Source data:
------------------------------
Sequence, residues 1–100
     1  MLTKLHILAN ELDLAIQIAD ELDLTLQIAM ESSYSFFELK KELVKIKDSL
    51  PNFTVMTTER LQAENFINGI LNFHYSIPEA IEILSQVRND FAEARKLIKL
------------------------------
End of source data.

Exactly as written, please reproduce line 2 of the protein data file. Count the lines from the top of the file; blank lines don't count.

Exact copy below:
     1  MLTKLHILAN ELDLAIQIAD ELDLTLQIAM ESSYSFFELK KELVKIKDSL